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April 2023, Volume 29, Number 2

Climate Change

The Intergovernmental Panel on Climate Change in March 2023 reported that the earth has warmed 1.1C above preindustrial levels, and predicted that global average temperatures will rise to 1.5C or 2.7F in the first half of the 2030s. The IPCC called on countries to reduce their carbon dioxide emissions to slow global temperature increases that could otherwise raise global temperatures by over 2C.

There has been a significant slowing of carbon emissions, but UN SG António Guterres in February 2023 warned that up to a billion people could be forced to move by rising sea levels, forcing residents of low-lying cities from Bangkok to Lagos, and from Mumbai to Shanghai, to move as oceans warm. The latest UN projection is for an average global temperature increase of 2.4C or 4.3F by 2100, which could speed the melting of glaciers and ice sheets.

Former Mastercard CEO Ajay Banga was nominated in February 2023 to replace World Bank President David Malpass, who was criticized for not doing enough to tackle climate change. Banga, who was born in India, is expected to emphasize both reducing poverty and slowing global warming.

Policies to slow global warming may affect trade patterns, as the US and EU governments subsidize local producers of green energy at the expense of foreign competitors. Requirements that batteries for electric cars be made in the US in order to receive US tax credits have alienated EU allies and may prompt European governments to favor EU-made vehicles in Europe. The EU plans to impose a new carbon tariff on imports from countries that are not reducing emissions via a carbon border adjustment mechanism.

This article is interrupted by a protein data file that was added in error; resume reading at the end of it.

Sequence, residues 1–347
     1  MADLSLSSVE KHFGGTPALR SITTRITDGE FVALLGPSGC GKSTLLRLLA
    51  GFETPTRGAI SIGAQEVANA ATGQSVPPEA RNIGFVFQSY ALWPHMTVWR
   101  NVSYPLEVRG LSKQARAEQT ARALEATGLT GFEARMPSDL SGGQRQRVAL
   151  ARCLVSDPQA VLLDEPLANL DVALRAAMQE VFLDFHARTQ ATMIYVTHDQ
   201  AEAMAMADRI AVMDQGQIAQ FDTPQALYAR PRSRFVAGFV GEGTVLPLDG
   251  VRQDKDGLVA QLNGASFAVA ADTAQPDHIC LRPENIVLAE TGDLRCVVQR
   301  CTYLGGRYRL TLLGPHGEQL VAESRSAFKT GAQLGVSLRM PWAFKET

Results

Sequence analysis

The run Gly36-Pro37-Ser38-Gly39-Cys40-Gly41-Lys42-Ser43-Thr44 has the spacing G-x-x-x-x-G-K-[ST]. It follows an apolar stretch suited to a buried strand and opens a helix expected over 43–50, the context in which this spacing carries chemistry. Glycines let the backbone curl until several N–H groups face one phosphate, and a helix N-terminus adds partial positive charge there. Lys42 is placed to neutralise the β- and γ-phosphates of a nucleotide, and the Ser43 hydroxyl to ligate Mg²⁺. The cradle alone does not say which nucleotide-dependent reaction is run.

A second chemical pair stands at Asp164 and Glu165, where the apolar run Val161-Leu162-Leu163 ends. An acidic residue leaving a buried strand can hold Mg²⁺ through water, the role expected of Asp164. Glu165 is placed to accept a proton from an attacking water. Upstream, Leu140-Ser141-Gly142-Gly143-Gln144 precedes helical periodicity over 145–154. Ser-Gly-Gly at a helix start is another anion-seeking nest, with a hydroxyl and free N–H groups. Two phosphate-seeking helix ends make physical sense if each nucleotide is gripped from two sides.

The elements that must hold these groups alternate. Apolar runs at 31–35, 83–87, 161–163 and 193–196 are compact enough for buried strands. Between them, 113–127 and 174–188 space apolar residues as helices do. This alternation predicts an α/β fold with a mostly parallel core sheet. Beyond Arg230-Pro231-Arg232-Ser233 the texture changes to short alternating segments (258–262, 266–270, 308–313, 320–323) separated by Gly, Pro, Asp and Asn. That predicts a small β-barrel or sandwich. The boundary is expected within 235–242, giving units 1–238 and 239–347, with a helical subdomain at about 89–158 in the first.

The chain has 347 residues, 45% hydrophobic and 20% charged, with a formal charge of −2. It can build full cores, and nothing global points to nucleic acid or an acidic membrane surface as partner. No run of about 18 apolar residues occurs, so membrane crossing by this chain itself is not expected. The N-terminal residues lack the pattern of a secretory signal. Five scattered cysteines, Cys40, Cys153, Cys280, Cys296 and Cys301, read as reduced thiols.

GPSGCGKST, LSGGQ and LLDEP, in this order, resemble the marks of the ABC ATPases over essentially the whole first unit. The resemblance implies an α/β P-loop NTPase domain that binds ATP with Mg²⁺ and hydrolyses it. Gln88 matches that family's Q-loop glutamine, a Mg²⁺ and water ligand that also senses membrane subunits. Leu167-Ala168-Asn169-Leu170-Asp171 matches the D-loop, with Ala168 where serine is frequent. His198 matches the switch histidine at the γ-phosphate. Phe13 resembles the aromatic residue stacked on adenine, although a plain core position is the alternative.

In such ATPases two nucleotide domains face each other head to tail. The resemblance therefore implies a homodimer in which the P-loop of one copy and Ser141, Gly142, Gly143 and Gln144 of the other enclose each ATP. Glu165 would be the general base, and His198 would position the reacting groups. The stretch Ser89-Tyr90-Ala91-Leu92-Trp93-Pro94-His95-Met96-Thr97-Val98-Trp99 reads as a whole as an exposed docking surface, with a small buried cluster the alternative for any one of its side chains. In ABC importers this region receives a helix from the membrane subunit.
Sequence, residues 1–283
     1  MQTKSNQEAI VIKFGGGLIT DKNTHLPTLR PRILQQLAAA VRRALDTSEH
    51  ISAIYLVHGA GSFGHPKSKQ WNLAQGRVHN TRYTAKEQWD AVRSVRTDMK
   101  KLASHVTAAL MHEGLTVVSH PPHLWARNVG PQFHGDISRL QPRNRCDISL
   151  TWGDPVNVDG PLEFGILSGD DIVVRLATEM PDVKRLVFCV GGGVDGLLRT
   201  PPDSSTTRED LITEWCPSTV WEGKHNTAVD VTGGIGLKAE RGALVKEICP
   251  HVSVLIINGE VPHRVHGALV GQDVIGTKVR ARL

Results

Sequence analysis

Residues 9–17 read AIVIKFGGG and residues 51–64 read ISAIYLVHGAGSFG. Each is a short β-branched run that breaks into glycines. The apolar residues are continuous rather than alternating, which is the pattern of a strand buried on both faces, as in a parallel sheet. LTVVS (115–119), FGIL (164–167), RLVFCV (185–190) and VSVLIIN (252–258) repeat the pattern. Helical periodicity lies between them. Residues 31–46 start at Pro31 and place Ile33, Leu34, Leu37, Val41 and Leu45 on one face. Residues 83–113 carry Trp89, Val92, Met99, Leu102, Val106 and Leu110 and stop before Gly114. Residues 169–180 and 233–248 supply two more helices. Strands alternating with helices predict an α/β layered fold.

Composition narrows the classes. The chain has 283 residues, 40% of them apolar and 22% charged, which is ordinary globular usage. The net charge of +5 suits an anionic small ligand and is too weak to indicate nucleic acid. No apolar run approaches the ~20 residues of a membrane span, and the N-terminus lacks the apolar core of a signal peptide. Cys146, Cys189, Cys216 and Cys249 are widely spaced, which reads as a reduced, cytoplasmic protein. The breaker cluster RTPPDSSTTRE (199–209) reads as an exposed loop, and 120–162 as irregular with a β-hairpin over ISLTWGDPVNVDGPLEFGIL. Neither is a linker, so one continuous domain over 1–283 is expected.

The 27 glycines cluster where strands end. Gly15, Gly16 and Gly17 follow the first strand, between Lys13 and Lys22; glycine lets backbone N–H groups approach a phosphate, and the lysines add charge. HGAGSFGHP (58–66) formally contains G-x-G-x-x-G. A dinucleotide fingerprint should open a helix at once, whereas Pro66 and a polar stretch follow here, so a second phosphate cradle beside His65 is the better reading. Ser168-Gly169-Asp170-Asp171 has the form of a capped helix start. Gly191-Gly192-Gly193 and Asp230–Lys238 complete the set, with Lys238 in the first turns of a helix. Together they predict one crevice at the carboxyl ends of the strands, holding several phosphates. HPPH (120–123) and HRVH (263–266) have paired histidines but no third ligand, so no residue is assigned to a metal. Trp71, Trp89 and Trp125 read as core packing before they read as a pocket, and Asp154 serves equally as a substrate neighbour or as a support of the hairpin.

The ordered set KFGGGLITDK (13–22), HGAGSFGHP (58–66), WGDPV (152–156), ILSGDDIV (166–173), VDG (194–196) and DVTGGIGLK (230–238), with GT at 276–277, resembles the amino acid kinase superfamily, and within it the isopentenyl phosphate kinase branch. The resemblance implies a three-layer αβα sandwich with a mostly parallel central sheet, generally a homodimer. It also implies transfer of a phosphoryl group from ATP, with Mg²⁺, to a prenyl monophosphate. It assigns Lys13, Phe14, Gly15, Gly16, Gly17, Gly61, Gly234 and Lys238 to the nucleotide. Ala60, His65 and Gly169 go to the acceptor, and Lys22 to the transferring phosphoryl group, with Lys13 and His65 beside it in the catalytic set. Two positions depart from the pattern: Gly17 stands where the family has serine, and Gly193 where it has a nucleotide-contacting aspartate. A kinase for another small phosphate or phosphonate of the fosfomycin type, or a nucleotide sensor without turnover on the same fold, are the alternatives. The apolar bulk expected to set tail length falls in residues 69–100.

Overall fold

California has 40 species of evergreen trees. Red firs are dying faster than Douglas firs, which have deeper roots to obtain water during droughts. California forests have become more crowded due to fire suppression policies that produce more and less well rooted trees that were weakened by prolonged droughts and insect infestations.

Australia pays $450 million a year to farmers and others who sequester carbon by preserving or replanting trees. Critics say that ACCUs or carbon credits amount to greenwashing because they allow new gas and coal projects to be developed while paying farmers to maintain cattle and forest stations.

The Emissions Reduction Act of 2014 required the 215 largest US polluters, mostly energy companies, to offset the emissions beyond target limits. However, these limits were set so high that the Australian government rather than private firms became the major buyer of ACCUs, sending checks to farmers who would not have cut trees or where trees would regrow naturally. In some cases, the availability of ACCUs has increased land prices.

Many major oil companies are selling their wells in developing countries such as Nigeria in order to reduce their carbon emissions. The result is sometimes more emissions, as the local firms who buy oil wells fail to maintain them. Shell withdrew from onshore wells the Niger Delta, and the Nigerian companies that bought Shell’s wells have had far more spills than when Shell operated them. Nigeria’s oil output is falling, and Angola surpassed Nigeria as the leading African producer in 2022.

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